The $237,499 is the published bid and it represents your outstanding loan balance, any arrearages and some foreclosure related fees, but it does not include the second. The violations will not interfere with the trustee sale, but once the bank takes the property back or it's picked up by a third party at the trustee sale, the violations will have to be addressed. If I were you, I would be more concerned about the second lien holder pursuing a deficiency judgment than the violations holding up the sale. If the junior loan is not a purchase money loan (i.e., taken out when you purchased the property), then they can go after you for the unpaid loan balance after the foreclosure. Many people think that their troubles end with the foreclosure, but when there is a second loan involved, that's not necessarily the case. The foreclosure by the senior lien holder only wipes out the junior lien holder's security interest in the property. Most non-purchase money second loans are recourse loans and you are personally responsible to pay them back.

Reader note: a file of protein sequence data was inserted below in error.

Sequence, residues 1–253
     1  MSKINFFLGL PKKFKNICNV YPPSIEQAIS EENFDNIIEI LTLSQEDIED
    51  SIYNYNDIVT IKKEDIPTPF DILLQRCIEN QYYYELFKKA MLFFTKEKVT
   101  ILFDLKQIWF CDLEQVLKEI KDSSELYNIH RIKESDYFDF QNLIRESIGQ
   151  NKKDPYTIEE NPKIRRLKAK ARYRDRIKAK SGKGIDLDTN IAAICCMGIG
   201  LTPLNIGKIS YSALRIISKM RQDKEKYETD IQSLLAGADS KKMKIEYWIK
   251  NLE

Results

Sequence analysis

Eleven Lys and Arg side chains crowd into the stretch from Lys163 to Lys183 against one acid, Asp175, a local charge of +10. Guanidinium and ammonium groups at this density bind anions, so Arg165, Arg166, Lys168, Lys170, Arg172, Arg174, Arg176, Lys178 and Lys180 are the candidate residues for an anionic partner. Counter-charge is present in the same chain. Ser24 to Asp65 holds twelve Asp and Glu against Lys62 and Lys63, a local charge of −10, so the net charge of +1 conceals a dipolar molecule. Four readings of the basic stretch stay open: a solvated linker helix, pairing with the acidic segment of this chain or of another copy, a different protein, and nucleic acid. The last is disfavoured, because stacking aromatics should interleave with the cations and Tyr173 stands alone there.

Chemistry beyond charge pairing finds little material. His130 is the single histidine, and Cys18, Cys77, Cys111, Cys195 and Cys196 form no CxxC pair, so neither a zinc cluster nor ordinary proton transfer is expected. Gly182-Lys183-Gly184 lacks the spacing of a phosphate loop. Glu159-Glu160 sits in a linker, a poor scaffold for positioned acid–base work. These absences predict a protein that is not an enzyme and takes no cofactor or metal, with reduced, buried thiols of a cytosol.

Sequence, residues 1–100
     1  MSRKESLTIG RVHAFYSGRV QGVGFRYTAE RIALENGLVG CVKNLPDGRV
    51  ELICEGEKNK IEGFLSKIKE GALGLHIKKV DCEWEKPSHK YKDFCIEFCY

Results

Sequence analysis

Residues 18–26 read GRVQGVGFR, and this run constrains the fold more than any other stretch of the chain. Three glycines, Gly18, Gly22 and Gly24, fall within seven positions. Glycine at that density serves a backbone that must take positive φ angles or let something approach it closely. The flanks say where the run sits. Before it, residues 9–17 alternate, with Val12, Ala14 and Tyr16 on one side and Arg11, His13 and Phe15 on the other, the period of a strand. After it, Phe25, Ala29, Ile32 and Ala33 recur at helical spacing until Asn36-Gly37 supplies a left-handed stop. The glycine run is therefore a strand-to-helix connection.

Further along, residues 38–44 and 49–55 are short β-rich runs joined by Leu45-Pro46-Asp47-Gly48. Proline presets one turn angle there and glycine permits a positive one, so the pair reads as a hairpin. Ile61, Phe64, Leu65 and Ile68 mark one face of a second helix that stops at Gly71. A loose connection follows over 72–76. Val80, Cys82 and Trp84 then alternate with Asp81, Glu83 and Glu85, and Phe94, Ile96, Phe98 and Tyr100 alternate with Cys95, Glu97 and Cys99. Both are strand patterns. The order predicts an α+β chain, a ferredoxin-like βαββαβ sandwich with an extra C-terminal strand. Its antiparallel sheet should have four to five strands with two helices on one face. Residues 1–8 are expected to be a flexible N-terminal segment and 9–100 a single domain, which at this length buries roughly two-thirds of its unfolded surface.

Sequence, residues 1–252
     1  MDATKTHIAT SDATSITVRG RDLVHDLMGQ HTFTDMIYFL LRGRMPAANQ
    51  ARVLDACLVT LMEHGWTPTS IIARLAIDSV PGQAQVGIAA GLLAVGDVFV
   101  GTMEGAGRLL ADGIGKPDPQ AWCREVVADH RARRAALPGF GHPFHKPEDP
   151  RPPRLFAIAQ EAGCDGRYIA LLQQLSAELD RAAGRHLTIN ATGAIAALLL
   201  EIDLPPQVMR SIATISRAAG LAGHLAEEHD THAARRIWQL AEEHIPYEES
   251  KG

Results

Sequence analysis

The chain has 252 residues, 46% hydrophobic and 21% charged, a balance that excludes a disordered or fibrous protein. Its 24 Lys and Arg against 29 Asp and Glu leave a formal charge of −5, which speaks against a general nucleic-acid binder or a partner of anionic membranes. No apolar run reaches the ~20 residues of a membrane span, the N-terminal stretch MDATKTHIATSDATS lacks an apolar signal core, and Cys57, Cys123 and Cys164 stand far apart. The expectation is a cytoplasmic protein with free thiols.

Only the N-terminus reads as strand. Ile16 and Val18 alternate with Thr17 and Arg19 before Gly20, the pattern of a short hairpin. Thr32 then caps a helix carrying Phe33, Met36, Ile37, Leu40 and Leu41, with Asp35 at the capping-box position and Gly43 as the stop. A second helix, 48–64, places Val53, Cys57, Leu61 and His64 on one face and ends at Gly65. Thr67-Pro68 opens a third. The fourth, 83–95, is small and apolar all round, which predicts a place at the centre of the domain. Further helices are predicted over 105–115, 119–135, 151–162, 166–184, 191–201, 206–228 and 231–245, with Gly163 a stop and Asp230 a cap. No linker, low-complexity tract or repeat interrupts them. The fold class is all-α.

I would recommend you consult with an attorney and tax professional just so you know what to expect. You may not be able to avoid the foreclosure, but at least you would know what you will face after the foreclosure.
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